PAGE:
Hours later, she had yet to find the west wing.
Signs of the beast were everywhere—shredded tapestries, footprints, tufts of hair—but she had not sighted him once.
She’d found the dungeon, the kitchen, an enormous library—she’d almost gotten distracted but managed to control herself—and a plethora of guest rooms, gaming rooms, music rooms, smaller libraries, sewing rooms, and more, all singing of former beauty. But no master suite. No hall lined with family portraits that granted access to the west wing.
And the light followed her. She’d lost it more times than she could count, but somehow it always found her. Always lit her path. Always made her feel the hunted, not the hunter.
She came down the right staircase a third time, baffled. She couldn’t understand it. It was almost as if she were deflected, again and again. Away from her goal. Away from the right path. But she didn’t know when, and she didn’t know how.
The château may have had over two thousand rooms, but she’d memorized its layout, inside and out. She knew where she was going.
She moved back to the front entrance and massaged her tense shoulders. Think. Think! Surely there wasn’t much time left. Rubbing a spot clean on the glass, she checked the sky. Dawn peeked over the horizon.
She had less than an hour before the sun rose and the beast would be lost to her. She’d have to start again. Next year. She didn’t want to wait that long. And she didn’t want the word “failure” following her around. She had a reputation to maintain. Her family to protect. She—
Her senses froze. Nothing had changed, not a sound, not even a shift of wind, but suddenly its presence filled the room. She turned slowly, crossbow raised. A grin threatened to erupt on her face. At last.
A hulking beast, his frame filling the width of the enormous staircase, stalked her. His eyes glowed red, intense, and his muscles strained with each step. Drool slid off his fangs, dripping a trail on the carpet. Each drip sizzled and evaporated in a hiss of smoke. Lovely. His bite was venomous. She had to be even more careful.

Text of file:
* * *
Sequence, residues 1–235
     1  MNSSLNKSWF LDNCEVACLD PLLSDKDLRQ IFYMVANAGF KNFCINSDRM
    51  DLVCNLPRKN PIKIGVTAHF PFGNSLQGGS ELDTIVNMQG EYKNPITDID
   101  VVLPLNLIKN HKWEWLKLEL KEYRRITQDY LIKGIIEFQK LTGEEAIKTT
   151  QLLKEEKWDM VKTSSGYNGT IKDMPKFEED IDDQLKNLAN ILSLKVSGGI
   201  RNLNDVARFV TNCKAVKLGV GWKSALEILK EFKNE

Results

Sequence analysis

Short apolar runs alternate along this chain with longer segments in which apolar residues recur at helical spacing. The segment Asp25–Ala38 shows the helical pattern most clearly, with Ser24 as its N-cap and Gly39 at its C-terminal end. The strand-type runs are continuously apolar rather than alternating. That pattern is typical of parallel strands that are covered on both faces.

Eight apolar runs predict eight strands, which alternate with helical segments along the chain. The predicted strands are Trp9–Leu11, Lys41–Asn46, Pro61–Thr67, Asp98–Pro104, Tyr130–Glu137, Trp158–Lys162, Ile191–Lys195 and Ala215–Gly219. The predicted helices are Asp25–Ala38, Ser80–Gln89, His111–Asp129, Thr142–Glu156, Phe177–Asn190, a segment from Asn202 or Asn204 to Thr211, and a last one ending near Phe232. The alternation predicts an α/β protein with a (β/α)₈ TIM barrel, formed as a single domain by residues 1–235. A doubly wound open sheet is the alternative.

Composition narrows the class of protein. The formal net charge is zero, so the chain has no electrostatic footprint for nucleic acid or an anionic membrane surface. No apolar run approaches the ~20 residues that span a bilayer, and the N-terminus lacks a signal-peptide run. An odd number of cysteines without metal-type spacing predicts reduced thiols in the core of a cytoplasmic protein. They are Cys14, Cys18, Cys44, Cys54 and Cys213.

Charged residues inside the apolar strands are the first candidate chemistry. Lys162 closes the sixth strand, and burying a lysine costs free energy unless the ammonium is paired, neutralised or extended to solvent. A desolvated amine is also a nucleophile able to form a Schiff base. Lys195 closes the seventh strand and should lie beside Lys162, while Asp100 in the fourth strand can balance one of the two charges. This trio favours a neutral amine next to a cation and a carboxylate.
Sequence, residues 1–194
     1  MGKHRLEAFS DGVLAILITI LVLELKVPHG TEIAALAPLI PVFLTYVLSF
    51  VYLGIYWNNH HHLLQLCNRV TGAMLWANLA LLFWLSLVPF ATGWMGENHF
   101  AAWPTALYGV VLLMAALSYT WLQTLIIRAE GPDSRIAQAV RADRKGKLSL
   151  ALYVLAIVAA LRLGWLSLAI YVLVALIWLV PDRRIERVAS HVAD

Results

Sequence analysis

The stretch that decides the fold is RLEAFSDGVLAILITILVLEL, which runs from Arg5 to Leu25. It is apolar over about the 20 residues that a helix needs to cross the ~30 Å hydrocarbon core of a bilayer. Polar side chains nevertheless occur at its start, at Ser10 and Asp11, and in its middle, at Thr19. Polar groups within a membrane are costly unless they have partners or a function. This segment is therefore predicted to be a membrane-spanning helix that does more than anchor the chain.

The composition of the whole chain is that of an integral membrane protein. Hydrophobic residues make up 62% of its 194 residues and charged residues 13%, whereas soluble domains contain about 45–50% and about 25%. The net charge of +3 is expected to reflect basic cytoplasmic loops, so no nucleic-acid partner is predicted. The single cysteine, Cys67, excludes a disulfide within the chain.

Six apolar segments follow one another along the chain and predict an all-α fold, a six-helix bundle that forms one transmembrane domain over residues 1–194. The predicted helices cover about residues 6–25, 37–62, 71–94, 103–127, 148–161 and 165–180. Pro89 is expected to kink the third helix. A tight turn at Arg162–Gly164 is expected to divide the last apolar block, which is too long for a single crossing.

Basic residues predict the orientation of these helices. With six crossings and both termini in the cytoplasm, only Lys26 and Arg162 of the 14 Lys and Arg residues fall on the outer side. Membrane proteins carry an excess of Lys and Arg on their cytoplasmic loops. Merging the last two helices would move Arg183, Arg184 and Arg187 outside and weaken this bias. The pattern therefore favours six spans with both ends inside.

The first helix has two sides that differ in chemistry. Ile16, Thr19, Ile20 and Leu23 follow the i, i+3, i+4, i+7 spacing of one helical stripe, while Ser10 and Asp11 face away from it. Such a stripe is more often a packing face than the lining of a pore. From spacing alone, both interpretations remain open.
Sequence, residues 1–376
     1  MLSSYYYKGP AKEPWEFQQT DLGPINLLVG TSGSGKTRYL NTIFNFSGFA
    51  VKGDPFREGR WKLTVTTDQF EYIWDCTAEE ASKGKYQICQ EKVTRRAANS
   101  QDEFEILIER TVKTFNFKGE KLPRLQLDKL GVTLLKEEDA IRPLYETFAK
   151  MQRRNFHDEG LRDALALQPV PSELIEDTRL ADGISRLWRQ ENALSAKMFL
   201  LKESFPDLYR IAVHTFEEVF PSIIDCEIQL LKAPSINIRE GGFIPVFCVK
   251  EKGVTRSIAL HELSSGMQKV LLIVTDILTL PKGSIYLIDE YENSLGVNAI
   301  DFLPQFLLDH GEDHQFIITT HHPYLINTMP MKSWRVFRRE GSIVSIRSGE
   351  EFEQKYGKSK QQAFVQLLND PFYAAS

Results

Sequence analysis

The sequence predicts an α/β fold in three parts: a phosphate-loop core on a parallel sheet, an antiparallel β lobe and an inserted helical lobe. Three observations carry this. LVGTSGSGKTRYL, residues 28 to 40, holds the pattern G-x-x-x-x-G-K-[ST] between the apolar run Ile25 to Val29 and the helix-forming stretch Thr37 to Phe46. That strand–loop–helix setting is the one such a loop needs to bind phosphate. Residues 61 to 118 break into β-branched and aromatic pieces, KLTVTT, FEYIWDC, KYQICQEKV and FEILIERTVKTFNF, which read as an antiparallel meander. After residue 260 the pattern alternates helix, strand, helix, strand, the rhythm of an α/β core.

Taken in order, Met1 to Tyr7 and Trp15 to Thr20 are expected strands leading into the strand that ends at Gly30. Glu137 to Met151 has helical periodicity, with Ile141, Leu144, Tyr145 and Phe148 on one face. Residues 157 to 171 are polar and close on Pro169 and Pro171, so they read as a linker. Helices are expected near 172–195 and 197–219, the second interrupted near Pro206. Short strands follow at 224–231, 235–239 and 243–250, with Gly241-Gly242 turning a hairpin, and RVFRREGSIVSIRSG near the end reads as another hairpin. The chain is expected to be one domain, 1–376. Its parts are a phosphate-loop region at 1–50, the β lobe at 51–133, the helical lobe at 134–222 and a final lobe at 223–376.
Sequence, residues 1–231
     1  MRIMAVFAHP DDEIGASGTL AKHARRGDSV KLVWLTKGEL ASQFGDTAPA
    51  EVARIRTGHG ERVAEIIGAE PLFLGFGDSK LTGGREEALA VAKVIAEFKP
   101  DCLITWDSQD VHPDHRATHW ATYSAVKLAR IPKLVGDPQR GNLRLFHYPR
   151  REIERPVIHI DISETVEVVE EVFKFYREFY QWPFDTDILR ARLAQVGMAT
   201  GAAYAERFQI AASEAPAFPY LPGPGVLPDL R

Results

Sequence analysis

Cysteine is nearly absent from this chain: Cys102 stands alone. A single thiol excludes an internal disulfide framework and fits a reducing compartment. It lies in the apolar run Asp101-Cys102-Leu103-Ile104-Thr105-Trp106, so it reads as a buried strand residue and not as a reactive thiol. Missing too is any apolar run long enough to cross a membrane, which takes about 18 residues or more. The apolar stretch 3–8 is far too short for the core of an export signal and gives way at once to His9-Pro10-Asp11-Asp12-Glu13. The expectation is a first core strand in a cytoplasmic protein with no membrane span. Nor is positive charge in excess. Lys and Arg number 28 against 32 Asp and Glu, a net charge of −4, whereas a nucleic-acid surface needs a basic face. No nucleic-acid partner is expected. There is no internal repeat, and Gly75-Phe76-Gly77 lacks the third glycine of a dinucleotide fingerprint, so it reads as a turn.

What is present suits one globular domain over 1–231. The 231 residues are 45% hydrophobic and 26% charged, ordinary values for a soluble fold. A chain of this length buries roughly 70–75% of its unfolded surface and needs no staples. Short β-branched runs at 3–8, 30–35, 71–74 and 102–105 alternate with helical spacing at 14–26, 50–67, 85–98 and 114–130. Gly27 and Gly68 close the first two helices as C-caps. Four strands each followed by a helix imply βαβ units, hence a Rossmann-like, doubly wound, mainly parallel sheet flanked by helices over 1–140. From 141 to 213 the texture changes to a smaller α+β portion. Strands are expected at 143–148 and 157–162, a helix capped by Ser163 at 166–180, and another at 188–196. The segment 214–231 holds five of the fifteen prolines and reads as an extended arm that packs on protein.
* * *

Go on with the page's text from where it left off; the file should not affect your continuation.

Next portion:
As she waited for her moment, she tried to classify the form before her, but she hadn’t seen anything quite like it. Though somewhat wolfish in the face, wild boar tusks protruded from his jowls, and he stood upright like a man. Its arms were long and hanging, somewhat like an ape’s, and each finger was tipped with thick, pointed claws. Coarse hair covered every inch of him, stripes undulating black and gray with a hint of tan. Some fairy creatures wore clothing, but not this one.
Her breathing slowed to almost nothing. She aimed—searched for her mark. Released her breath. And faltered. The tuft of white fur, right over his heart, visible one night a year, vulnerable only this night, was missing. She hesitated, her indecision nearly costing her.
The beast sprang. Her arrow flew. The creature swatted it away midair and…disappeared.
Ro blinked. Non. It couldn’t be.
She looked above her, behind her—he was gone. Her heart pounded, and her eyes roved over every inch for clues. She couldn’t have failed. Not so easily.
Ro eased toward the stairs, checking each direction. She knelt and inspected the faded burgundy carpet.
His scent was heavy—the thick, coarse hair freshly fallen. The holes in the carpet from his acidic drool, still smoking. She followed his trail down to where he’d sprung. Oui, he’d been there. She hadn’t imagined it.
She hesitated a split second before backing up and running toward the place—over her head—he’d vanished. She jumped, crossbow clutched tight.
Sunlight blinded her.
She slammed into the wall and tumbled to the ground. Shaking her head, Ro staggered to her feet. Her jaw dropped as she looked around her.